The Housing Justice Foundation is a non-profit organization in West Palm Beach, Florida, dedicated to finding alternatives to foreclosures.
We are committed to telling the truth about predatory lending, fraud in the mortgage securitization process and fraud in loan documentation.
Rather than a solution to the housing crisis, foreclosures are a blunt, transient fix to a complex problem. Foreclosures destroy families, neighborhoods, and force home values down, hurting the entire community.
We support loan modifications with principal reductions to fair market value.
We believe that bank executives and securities company executives who commit crimes should be prosecuted, and that crimes were committed and continue to be committed in mortgage foreclosures nationwide and worldwide.
Goals of The Housing Justice Foundation
END avoidable foreclosures that displace families, drive down home prices and destroy communities.
REQUIRE banks to modify mortgages to fair market value to avoid foreclosures.
REQUIRE banks to fairly compensate victims of foreclosures obtained with fraudulent mortgage assignments.
REQUIRE county clerks to put systems in place to prevent widespread use of fraudulent documents to foreclose.
REQUIRE banks, Fannie and Freddie to properly maintain the homes they own, and pay their taxes as all other homeowners.
REQUIRE every bank, mortgage-backed trust, and government entity to file an Assignment of Mortgage within 60 days of the time they claim to have acquired the mortgage.
REQUIRE the clerk of the court or county recorders to file every mortgage assignment under the name of the homeowner, as well as the grantor and grantee – so that all homeowners have notice of any transfer of mortgage.
PROSECUTE any individual or entity that files any robo-signed, surrogate-signed or otherwise deceptive mortgage documents in the official county records or in any foreclosure proceeding.
Housing Justice Foundation was founded in 2012 by Lynn E. Szymoniak, a mortgage document fraud whistleblower. The HJF Directors include Rachael Brown, Mark E. Cullen, Zach Cullen and Lynn Szymoniak.
Please note, The Housing Justice Foundation is not a law firm and does not provide representation for individual homeowners. For attorneys who may represent you, please refer to our Resources page.
Lynn Szymoniak is an attorney who has been active in the South Florida area for thirty years. From cases ranging from civil rights issues, insurance fraud, and election procedures, Lynn Szymoniak has a reputation for being a dogged defender of justice and has been called as an expert witness for the United States Government. In 2010, facing foreclosure after being forced from work by breast cancer and to care for her ailing mother, Lynn Szymoniak noticed inconsistencies in the banks paperwork. This lead to the discovery of the illegal practice known as ‘robo-signing,’ where banks fake needed signatures to foreclose on homes. Lynn Szymoniak sued on behalf of the government, forcing the banks to date to pay out over $95 Million to HUD to be used for foreclosure relief, allowing people behind on their mortgages to find a way to stay in their homes. Lynn Szymoniak took her share of the settlement and founded the Housing Justice Foundation, an organization dedicated to helping the victims of foreclosure fraud and exposing the crimes of predatory lenders.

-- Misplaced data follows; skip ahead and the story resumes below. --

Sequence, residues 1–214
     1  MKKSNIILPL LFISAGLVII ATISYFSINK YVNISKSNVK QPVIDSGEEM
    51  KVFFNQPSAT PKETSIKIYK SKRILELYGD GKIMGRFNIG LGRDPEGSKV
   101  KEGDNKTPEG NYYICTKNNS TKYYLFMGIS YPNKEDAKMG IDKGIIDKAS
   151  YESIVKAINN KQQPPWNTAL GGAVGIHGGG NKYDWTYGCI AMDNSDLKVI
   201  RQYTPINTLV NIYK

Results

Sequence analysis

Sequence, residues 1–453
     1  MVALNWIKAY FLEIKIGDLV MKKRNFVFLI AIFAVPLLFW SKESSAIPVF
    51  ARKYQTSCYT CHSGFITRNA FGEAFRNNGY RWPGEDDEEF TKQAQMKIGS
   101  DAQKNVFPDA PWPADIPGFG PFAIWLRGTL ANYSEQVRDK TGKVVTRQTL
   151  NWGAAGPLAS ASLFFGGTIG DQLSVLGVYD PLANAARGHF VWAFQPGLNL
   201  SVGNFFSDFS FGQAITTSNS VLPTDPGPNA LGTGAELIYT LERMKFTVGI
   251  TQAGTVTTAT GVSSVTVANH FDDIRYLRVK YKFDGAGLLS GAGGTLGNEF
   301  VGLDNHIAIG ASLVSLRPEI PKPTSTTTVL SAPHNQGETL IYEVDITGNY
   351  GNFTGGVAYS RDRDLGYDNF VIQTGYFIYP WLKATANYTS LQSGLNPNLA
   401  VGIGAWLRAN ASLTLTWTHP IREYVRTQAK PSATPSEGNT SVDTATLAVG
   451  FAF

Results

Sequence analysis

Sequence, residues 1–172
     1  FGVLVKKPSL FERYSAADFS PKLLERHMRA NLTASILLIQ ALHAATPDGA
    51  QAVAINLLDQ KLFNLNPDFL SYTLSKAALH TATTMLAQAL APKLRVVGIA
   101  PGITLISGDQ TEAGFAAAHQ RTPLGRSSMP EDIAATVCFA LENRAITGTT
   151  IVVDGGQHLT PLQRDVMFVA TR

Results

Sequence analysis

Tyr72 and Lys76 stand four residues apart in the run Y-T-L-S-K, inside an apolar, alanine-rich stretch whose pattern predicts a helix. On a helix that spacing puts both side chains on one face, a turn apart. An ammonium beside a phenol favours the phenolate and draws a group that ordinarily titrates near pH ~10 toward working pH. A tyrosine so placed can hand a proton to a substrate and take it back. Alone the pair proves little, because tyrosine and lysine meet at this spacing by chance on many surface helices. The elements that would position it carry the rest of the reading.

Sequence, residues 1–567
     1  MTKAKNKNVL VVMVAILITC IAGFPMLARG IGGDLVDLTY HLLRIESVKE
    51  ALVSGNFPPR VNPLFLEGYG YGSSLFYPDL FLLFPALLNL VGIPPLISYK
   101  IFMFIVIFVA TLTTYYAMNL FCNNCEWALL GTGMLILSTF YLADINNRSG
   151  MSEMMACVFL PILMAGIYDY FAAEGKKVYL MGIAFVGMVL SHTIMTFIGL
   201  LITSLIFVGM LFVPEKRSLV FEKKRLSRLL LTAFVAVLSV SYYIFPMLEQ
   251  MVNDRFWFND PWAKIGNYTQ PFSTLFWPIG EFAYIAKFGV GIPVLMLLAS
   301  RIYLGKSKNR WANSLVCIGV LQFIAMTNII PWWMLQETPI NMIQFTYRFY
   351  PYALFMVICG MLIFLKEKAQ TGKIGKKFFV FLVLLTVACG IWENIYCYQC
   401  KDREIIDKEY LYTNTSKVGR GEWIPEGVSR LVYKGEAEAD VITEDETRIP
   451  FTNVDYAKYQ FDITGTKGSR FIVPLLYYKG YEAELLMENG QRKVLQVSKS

Zachary Cullen is a Director and Vice President of The Housing Justice Foundation, and one of the organizations founding members. He graduated from Florida Atlantic University in 2007. He is currently focused on housing issues in Palm Beach County and the operation of The Housing Justice Foundation.
Rachael Brown is the Treasurer and Co-Director of Housing Justice Foundation. Since graduating from Carnegie Mellon University in 2008, Rachael has worked in property management and Non-Profit business administration.
Mark Elliot Cullen is the Co-Director of The Housing Justice Foundation and one of the founding members. In 2008, Mark earned his B.A. in Professional and Creative Writing from Carnegie Mellon University. In 2012, Mark received a Masters in Fine Arts from The New School. He currently works full time for Housing Justice and is pursuing independent study in literature. He is particularly interested in media representations of the housing crisis.